Archive for Hospice Team

Please Say “Yes!” to a Home Health Aide!

Why would hospice patients say no to a home health aide?

At our weekly hospice team meetings, we review every patient’s current situation. This includes the various staff assigned to a patient’s care. It goes something like this:

What about Juan Lopez?

  • Nurse . . . two to three times a week
  • Social Worker . . . one to two times a month
  • Chaplain . . . phone contact only
  • Home Health Aide . . . declined
  • Volunteer . . . one to two times a month

What about Mary Jones?

  • Nurse . . . one time a week
  • Social Worker . . . two to three times a month
  • Chaplain . . . two to three times a month
  • Home Health Aide . . . declined
  • Volunteer . . . declined

Of course, the above names are fictional. In a typical meeting, the hospice where I work will talk in detail about scores of patients. We discuss the recent deaths and new admissions, along with all of the ongoing patients served in their homes or facilities. Every patient has a choice about which of their “team” provides direct support to them. However, every patient must be seen by a nurse, from as little as several times a month to (though rare) every day. It depends on the needs. Read More →

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Hospice: Mistakes and Disappointments

I’d prefer not to write these next words, but they are occasionally true: a hospice will disappoint patients and families.

  • A hospice social worker brings the wrong forms, wrong answers, or wrong attitude.
  • Patients rightly get angry if the chaplain or home health aid says one thing, but does another.
  • Families feel neglected because they phoned on a Saturday morning for an on-call nurse and are still waiting for the visit as evening approaches.

My goals for this website include being upbeat and informative about hospice care. As a pastor in various congregations over many years, I’ve witnessed hospice compassionately serving church members. The hospice “team” helped make the worst time of life become bearable. I was a hospice chaplain and now work with bereavement at a hospice. My current (and past) colleagues are responsible, caring, and thoughtful hospice professionals.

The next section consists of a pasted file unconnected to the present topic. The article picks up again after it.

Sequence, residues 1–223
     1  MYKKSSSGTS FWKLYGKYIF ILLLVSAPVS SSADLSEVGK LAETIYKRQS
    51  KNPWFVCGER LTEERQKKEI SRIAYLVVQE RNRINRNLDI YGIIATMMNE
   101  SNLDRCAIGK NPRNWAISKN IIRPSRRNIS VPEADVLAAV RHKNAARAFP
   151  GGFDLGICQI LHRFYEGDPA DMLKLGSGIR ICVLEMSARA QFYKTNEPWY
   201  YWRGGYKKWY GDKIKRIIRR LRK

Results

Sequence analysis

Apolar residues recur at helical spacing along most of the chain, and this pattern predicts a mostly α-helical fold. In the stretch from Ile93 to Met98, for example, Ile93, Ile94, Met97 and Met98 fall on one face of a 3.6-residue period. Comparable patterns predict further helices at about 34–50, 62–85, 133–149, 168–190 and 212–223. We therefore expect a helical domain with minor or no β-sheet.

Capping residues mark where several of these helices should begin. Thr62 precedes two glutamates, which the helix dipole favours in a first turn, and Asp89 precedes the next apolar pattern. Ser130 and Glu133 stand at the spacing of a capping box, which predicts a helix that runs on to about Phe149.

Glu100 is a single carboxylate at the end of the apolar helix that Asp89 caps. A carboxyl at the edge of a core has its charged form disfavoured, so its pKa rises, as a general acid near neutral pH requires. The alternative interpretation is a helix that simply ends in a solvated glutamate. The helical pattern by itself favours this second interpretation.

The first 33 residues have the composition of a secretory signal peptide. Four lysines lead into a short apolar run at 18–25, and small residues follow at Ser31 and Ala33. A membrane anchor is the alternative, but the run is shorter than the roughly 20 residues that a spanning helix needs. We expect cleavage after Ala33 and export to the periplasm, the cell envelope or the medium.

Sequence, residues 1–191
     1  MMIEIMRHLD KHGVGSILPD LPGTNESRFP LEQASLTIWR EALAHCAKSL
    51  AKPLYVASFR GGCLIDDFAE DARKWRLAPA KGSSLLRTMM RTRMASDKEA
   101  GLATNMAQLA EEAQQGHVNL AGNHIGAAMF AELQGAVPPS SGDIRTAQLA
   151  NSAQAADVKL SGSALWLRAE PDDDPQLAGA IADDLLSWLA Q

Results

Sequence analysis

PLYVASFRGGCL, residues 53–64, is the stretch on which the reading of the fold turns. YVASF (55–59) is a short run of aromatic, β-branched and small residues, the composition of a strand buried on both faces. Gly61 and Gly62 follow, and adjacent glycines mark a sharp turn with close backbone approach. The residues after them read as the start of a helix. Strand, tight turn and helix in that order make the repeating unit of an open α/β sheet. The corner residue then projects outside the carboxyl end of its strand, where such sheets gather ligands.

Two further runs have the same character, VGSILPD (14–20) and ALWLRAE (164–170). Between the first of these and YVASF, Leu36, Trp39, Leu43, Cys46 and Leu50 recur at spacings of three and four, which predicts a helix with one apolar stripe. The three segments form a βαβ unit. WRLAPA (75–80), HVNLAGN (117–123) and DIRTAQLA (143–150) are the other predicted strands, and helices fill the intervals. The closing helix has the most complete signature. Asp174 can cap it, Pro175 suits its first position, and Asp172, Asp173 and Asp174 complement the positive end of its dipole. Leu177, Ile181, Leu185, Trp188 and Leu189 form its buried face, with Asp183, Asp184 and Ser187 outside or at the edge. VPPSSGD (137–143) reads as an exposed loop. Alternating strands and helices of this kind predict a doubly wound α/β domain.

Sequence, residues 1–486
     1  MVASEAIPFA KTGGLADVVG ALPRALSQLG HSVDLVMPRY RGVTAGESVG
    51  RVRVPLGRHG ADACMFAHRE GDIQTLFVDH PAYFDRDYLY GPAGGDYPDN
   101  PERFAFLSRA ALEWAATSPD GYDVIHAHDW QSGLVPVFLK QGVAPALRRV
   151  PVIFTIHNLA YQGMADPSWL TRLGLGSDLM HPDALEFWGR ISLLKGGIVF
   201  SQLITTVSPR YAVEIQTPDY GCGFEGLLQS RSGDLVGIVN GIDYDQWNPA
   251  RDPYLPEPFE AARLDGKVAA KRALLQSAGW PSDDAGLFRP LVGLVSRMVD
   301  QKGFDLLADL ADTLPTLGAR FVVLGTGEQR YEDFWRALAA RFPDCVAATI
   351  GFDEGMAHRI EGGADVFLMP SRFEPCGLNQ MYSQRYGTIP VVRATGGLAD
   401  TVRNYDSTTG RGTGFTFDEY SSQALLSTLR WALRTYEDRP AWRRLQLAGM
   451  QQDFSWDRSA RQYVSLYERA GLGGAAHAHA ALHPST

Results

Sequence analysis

Then why say anything negative? Because . . .

  • Unintentional mistakes are made.
  • Sometimes there was nothing “wrong” done by any staff, but families can still be angry and will blame hospice.
  • Though I’ve only known good and kind hospice staff (and volunteers) . . . there will always be some “bad apples.”
  • When anyone searches for lousy news about hospice (like “killing a patient” by misusing medications or Medicare fraud), it will be found on the Internet.

Bad exists. Bad happens. Inevitably, the rare bad occurrences are usually more tempting to headline and highlight than the frequent, commonplace good.

What are some of the disappointments that patients or families will experience? (And what I mention next is not based on researching formal complaints or sharing confidential data about specific patients at hospices where I’ve worked. Instead, these are generic—but possible—scenarios that can happen at any hospice with any family while caring for a dying loved one.) Read More →

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The First (Awful) Visit from Hospice

Your doorbell rings. You glance out the window and spot two people. They are wearing identical nametags with the word Hospice in a large font. Though expected, they are strangers at your door.

Yesterday, you’d met the hospice’s admitting nurse at the hospital. She’d promised that “your hospice team” would soon phone to schedule a first visit. A person—you couldn’t remember the name—had called several hours before. Soon had become now.

For a moment, you consider not answering the door. You don’t like meeting new people. You don’t like strangers in your home. They will judge your lousy housekeeping. They will make messes. They will ask questions you’d rather not answer. They will irritate your already irritable and very sick spouse.

If you didn’t answer, would they leave?

Do you really need hospice?

What if your beloved gets better? In the past, the disease seemed to be winning and then, like a miracle—along with lengthy hospital stays, terrible chemo treatments, and more trips to the doctors’ offices—your spouse bounced back to nearly normal.

But this time, normal seems impossible.

They ring the doorbell again. Read More →

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